A judge’s ruling in the case of a woman who tried to sue the Health Services Authority after her daughter was born with severe birth defects brought to light a little known “immunity clause” that protected doctors from legal action.
The judgment triggered an ongoing saga in the early part of 2016 that ended with the repeal of the controversial statute, which, it emerged, had shielded doctors from negligence claims for more than a decade.
Justice Richard Williams ruled in February that Section 12 of the Health Services Authority Law provided blanket immunity from medical malpractice suits for anyone who works for the authority, except in cases where “bad faith” can be proved.
Despite being personally “uncomfortable with such immunity,” he said, the wording of the law was clear.
The ruling meant that Norene Ebanks was unable to proceed with a lawsuit on behalf of her daughter Donette Thompson, who was born with cerebral palsy as a result of what Ms. Ebanks claimed was negligent management of her labor.
At age 10, Donette cannot walk, talk or eat solid food. Her mother told the Cayman Compass she was devastated by the judgment which left her struggling to fund a lifetime of care for her daughter.
An affidavit from HSA Chief Executive Lizzette Yearwood, filed with the court, revealed that the authority had paid out-of-court settlements in at least eight previous cases. But she also testified that the authority had successfully used Section 12 as a defense against at least six other negligence claims.
The idea that patients and their families had no legal recourse to seek compensation if they or their loved ones were killed or injured because of medical mistakes caused public outcry.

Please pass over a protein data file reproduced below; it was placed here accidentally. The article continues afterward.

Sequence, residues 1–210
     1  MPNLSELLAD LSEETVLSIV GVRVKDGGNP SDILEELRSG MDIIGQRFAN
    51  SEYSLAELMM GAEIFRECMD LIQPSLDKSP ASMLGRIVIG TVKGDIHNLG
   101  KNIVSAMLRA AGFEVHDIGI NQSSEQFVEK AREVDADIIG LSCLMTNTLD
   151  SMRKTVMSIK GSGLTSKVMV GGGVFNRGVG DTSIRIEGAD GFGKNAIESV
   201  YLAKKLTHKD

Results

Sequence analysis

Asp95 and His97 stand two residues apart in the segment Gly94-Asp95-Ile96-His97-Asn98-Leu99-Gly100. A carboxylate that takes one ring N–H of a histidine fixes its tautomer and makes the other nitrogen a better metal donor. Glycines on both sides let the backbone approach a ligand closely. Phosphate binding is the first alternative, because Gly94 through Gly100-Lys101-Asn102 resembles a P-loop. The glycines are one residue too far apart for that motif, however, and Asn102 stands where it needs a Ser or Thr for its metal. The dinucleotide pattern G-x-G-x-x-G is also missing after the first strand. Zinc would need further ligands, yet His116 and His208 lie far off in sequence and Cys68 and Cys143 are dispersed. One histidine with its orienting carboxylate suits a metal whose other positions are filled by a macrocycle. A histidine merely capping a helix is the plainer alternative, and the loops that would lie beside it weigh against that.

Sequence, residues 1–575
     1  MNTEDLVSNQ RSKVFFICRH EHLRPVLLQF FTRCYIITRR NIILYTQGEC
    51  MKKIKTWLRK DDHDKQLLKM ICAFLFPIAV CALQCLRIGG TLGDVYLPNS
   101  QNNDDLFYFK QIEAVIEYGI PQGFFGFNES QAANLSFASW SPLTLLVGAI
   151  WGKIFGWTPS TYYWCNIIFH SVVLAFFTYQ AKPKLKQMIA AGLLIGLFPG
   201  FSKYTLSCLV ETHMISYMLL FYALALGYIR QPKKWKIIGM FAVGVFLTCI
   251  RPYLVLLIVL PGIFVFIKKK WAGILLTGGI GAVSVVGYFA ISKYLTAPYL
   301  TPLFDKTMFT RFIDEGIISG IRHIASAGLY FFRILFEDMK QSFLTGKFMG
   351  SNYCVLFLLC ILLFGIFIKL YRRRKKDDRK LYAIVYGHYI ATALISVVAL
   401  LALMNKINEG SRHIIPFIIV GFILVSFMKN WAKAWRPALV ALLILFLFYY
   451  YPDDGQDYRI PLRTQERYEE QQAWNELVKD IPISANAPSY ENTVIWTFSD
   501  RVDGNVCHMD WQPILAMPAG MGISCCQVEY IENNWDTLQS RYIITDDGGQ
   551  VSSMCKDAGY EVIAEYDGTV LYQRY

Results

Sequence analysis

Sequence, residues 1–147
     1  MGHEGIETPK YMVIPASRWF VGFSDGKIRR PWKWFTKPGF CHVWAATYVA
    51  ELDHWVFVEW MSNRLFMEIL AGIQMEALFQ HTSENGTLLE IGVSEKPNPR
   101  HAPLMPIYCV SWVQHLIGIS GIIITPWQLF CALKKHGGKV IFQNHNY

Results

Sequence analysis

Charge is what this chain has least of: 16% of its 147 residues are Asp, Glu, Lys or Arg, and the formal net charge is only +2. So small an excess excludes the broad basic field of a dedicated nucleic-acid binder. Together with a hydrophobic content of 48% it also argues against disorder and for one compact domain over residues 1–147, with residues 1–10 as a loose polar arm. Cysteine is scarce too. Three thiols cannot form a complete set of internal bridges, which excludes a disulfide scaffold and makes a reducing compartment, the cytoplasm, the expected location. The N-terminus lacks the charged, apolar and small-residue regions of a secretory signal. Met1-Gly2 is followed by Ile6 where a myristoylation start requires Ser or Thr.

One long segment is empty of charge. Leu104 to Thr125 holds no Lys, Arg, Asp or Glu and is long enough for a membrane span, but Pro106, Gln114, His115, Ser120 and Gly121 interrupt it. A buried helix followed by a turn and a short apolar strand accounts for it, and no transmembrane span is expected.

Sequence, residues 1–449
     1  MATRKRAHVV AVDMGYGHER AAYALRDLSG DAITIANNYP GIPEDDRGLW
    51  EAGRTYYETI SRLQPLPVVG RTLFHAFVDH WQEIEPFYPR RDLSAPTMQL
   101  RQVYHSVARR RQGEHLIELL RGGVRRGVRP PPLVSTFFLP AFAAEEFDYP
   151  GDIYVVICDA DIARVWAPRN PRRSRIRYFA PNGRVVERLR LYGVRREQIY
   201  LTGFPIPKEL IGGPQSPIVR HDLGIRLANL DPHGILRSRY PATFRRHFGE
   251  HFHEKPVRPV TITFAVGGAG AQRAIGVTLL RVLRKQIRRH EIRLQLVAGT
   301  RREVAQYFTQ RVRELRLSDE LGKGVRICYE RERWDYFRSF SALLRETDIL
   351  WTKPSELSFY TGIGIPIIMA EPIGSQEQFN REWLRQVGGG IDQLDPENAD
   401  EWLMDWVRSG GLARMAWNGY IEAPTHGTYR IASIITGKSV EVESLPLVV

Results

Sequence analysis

James Kennedy, of Samson and McGrath, which brought the lawsuit, told the Compass that Section 12 removed fundamental rights from patients in Cayman.
“If somebody commits an act of negligence, it is a long-standing principle of English law that the victim should be compensated by damages in a sum that will put them back as nearly as possible into the same position as they would have been if the negligence had not occurred,” he said. “Section 12 takes away the ability of people to get that compensation for negligent acts done to them.”
Former Health Minister Gilbert McLean, who brought the original legislation to the house in 2004, joined the debate in mid-February, telling the Compass it was never the intent to shield doctors from liability.
He said until publicity around the recent case, he was unaware that Section 12 was being used to provide protection to HSA staff in compensation claims, including medical negligence.
Government, too, appeared to be unaware that Section 12 was being used to prevent lawsuits against hospital staff.
Premier Alden McLaughlin put forward amendments to the law in May, saying they would restore a patient’s right to seek compensation.
He said the case had highlighted an error in legislation that his administration had moved swiftly to rectify.
“Why should we shield public agencies or employees of such agencies from accountability for errors or accidents? In the view of this administration, this is wrong … there should be no wrong without redress,” the premier said.
Further investigation by the Compass revealed that a similar immunity clause exists in several other pieces of legislation. The National Roads Authority Law, the Airports Authority Law, the Development and Planning Law, the Monetary Authority Law and the Maritime Authority Law all contain an almost identical version of section 12 of the HSA Law.
To date, nothing has been done to amend those laws.